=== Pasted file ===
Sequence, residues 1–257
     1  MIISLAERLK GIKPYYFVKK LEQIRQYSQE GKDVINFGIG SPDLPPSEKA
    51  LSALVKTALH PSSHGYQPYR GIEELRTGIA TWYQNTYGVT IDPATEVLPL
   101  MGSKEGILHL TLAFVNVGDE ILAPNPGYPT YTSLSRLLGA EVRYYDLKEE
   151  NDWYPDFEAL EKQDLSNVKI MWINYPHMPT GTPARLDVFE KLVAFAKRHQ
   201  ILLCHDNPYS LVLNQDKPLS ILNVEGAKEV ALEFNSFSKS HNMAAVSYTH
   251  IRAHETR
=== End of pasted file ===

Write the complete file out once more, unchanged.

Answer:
Sequence, residues 1–257
     1  MIISLAERLK GIKPYYFVKK LEQIRQYSQE GKDVINFGIG SPDLPPSEKA
    51  LSALVKTALH PSSHGYQPYR GIEELRTGIA TWYQNTYGVT IDPATEVLPL
   101  MGSKEGILHL TLAFVNVGDE ILAPNPGYPT YTSLSRLLGA EVRYYDLKEE
   151  NDWYPDFEAL EKQDLSNVKI MWINYPHMPT GTPARLDVFE KLVAFAKRHQ
   201  ILLCHDNPYS LVLNQDKPLS ILNVEGAKEV ALEFNSFSKS HNMAAVSYTH
   251  IRAHETR